We take a closer look at what has been decribed as “the most interesting Byzantine church in the city” after Aya Sofya.
And, not only is this described as “the most interesting Byzantine church in the city” after Aya Sofya but it also “contains a magnificent heritage of Byzantine art that has no equal in the world” according to our Istanbul Guide book by Freely, so we headed off to seek it out.
It lies just within the walls near to the Edirne Gate and can be reached on the 86V bus from outside Istanbul University. Although we had been given that bus number by a very helpful lady in the Tourist Information in Sultan Ahmet Park, when we got to the group of bus stops by the university we ended up on an entirely different bus whose driver said he was also going that way. So just find the ‘Vezneler’ bus terminus and ask for Kariye Camii and you will get there. Or be lazy and take a taxi.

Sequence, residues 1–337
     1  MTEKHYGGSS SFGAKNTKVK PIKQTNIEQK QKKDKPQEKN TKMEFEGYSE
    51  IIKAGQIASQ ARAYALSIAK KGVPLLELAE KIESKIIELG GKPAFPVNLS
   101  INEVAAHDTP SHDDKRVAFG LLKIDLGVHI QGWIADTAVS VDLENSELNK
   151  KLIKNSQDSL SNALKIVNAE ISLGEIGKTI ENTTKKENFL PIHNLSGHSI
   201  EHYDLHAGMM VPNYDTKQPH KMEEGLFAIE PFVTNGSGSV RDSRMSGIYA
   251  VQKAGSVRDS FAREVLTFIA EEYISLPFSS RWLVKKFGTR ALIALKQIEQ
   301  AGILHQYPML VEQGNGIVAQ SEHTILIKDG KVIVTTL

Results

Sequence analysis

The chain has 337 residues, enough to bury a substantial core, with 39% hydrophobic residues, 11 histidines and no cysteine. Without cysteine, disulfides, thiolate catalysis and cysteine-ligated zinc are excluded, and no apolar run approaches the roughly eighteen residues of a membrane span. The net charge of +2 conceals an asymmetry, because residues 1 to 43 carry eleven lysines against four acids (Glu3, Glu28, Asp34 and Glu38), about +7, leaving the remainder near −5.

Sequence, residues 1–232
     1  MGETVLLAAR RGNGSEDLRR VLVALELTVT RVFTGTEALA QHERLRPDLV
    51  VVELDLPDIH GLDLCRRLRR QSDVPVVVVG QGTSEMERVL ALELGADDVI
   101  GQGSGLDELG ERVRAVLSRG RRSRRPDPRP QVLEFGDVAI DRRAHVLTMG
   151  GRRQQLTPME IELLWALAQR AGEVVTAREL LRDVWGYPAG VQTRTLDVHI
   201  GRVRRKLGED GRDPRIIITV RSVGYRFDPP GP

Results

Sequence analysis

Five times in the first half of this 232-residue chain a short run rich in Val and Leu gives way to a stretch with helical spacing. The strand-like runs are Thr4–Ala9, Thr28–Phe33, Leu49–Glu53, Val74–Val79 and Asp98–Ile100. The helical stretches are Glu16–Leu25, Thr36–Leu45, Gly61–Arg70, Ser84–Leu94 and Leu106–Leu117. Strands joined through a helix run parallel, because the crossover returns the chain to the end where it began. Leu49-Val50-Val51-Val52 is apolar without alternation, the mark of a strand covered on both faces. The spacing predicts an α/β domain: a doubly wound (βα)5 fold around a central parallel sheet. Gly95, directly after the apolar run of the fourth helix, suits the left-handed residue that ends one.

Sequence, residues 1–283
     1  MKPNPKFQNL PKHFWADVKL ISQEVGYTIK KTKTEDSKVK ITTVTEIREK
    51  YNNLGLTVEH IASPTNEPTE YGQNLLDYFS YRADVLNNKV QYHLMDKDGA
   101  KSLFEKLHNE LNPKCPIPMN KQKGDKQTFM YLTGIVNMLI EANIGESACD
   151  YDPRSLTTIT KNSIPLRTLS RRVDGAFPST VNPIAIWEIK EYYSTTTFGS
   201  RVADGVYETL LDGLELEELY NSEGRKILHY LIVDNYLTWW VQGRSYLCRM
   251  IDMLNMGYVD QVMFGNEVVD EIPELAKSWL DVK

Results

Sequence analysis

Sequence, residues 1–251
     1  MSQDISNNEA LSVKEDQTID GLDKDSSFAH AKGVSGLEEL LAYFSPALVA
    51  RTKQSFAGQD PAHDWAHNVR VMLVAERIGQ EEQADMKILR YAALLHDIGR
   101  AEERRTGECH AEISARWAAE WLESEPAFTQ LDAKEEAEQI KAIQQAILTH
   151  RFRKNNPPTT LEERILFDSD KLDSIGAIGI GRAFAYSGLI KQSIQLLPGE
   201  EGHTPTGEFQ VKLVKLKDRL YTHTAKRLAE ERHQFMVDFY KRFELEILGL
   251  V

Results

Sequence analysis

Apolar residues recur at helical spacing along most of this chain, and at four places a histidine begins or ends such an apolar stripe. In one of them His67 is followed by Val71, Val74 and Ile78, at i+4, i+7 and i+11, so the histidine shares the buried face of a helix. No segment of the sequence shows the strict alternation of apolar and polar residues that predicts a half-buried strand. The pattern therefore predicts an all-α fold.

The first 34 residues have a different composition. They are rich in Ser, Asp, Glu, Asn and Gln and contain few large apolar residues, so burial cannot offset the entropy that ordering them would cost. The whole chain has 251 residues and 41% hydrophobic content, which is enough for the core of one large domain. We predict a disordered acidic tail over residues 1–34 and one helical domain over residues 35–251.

Originally the church of St Saviour’s in Chora built in 1077 – 81 by the mother-in-law of the then Byzantine Emperor, it was remodelled in 1315 – 21by Theodore Metochites, who had been both Prime Minister and Lord of the Treasury to a later Emperor. It is his church that we see today although the monastic buildings that surrounded it have long since disappeared.
Inside the gilding in the mosaics and frescoes is dazzling. If you want to know the meaning of the art works be sure to take a good guide book with you – Freely devotes no less than 17 pages to his commentary on the mosaics and frescoes – as there is a lot to see.
Be warned, though, the place operates a kind of one-way system with separate entrances and exits and if you exit you won’t be allowed back in except by paying all over again.